Application Name: Imageotag
Description: Photo position and orientation recording; thumbnail mapping; audio/text photo annotation; Google Earth photo overlay tour creator
Publisher’s website: Imageotag
Cost: Free (donationware)
Version/date reviewed: v. 1.1.11 / 11-12-10
Phone/OS: Droid X / Android 2.2
Android Market link (mobile app only)
Android Market link (browser)
Imageotag is a fairly-new geotagging-oriented Android camera app with a number of unique features:
Most Android units will start up the GPS, and embed coordinate data into the EXIF metadata header of the photo to mark its position; this is usually called “geotagging”. In fact, if you don’t want this information in your photos, you’ll have to turn this function manually, or strip out the data with an app. The EXIF spec allows embedding the compass direction in which you’re taking the photo into the EXIF header, but even though many Android units include a compass, none that I know of embed the photo direction. That’s too bad, as it would simplify the creation of Google Earth Photo Overlays, a way to display photos in Google Earth overlaying the actual perspective (more on this below). Imageotag doesn’t embed this information directly into a photo either; but what it will do is record this information, and then overlays that information as text on a second version of the photo. Here’s a photo snapped with Imageotag:
And here’s the second image, with information about the coordinates, camera compass bearing, camera roll/pitch orientation, and more; there’s also a compass overlay at upper right, with the arrow pointing the direction of north:
There’s a full rundown on what data is embedded at the Imageotag website, but it basically includes most sensor data, including GPS/network position, accelerometer, light meter, and direction as determined by the compass (corrected for your local magnetic declination, so it’s the true direction). Tip: You can set the photo size to be between 330K pixels and 5 megapixels, but at lower resolutions, the text can be virtually impossible to read. Individual photos can have custom text embedded in them as well, and you can even voice-annotate photos.
Sets of photos can be viewed a number of different ways, including (Figure 1):
A scrollable display of pictures
Thumbnails displayed in a Google Maps view (tap on the bottom to bring up the zoom buttons)
“Photo Maps”, with a slideshow in the top half, and the bottom showing where the picture was taken in Google Maps, and the direction you were facing
Figure 2: Now this is where it gets really cool. While you can shoot photos one by one, you can also set up Imageotag to shoot photo “sequences”, where a photo is snapped automatically based on either a distance or time interval. At left is a thumbnail map of one part of a sequence, where I specified that a photo be taken every 50 meters as determined by GPS. These can then be played as a standard slideshow, or as a Photo Maps slideshow.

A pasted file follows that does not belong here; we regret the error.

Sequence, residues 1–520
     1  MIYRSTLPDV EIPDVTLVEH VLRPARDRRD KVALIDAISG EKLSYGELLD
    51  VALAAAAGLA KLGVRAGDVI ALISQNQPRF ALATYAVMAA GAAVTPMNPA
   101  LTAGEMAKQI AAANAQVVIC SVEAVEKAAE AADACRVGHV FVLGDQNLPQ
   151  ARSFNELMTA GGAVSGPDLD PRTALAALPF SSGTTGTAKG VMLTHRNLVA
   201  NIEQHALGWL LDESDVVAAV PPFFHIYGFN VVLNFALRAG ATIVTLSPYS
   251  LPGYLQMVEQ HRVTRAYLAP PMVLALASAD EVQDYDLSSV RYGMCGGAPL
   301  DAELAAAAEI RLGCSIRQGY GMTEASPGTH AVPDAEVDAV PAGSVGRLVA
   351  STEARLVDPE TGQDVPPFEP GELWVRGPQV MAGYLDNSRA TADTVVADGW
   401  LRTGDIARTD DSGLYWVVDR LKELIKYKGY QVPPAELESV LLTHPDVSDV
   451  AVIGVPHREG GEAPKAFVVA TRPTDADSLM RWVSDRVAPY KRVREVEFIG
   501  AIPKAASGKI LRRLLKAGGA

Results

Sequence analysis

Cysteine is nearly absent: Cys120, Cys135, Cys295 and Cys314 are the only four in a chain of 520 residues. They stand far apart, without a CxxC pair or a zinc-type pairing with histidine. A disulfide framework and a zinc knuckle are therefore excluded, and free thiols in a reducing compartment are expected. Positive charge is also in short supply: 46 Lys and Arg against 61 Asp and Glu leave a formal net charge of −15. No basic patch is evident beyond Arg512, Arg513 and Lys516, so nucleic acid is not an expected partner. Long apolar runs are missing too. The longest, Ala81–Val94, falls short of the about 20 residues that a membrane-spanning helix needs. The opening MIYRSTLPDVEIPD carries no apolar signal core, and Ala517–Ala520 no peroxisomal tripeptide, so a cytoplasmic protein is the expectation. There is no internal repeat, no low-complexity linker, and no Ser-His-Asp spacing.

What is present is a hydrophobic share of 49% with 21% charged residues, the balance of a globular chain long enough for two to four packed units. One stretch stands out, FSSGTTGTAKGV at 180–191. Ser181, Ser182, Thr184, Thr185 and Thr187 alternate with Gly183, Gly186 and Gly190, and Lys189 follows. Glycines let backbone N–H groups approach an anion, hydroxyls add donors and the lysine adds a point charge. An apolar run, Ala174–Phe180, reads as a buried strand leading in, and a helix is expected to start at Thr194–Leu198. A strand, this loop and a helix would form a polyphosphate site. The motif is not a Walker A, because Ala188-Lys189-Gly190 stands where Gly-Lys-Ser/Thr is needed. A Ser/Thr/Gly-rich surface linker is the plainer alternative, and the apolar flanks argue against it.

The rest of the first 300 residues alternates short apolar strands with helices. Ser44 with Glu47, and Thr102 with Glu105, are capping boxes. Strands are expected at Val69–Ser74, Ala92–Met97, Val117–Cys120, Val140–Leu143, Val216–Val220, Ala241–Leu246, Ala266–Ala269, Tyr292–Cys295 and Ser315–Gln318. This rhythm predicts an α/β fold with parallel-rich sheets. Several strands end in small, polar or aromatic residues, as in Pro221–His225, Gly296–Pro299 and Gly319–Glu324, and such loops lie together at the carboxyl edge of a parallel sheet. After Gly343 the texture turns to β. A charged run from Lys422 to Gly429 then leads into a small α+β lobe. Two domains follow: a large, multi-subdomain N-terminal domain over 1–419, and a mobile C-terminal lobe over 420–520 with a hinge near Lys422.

But wait, that’s not all! When you’re done shooting a sequence, Imageotag automatically assembles all of the images into a single Google Earth KMZ file as photo overlays, where the photo is positioned in the spot it was taken, and oriented so that it’s overlaying the scenery at that spot (Figure 3):
You can view any of these images in full photo overlay mode by double-clicking on the photo, or its listing in the places pane (Figure 4):
You can even play back an animated tour of all these sequence photos, but here Google Earth’s limitations make it less than satisfactory. The photos in the animated tour aren’t displayed by Google Earth in full resolution, so when you zoom in on them they look pixelated and grainy. As you’ll see when you look at individual photos, they’re in full resolution, so it’s not Imageotag’s fault; and there doesn’t seem to be any settings in Google Earth to fix this problem. While KMZ overlay files are created automatically for sequences, you can also generate them manually for sets of individual photos.
I’ve missed a few features, I’m sure, but there’s a lot to explore in this app. Be sure to check out the settings, which offers a lot of control over photo and program parameters. And there’s lots of documentations and tutorials on the app’s website.
Other issues: Been looking at this app for a month or more, and the author has done a great job of cleaning up bugs/quirks, and making it work with a wide range of cameras. One minor limitation is that the highest image resolution currently available is 5 megapixels, even on phones that have cameras with greater resolution; that’s a hardware/software limitation. Occasionally, the main screen where you take the photos will shrink to a smaller size, but exiting and re-starting the program fixes that. The app was also originally designed on a phone with a trackball; while the author seems to have modified it successfully to work on a touch-screen phone only, you might still run across some functions that don’t work without it (author is working to fix all of these).
Final thoughts: In a market full of apps that duplicate each other, Imageotag is unique and valuable. If you’re interested in georeferencing your photos to the greatest degree possible, this program is virtually indispensable. Highly recommended.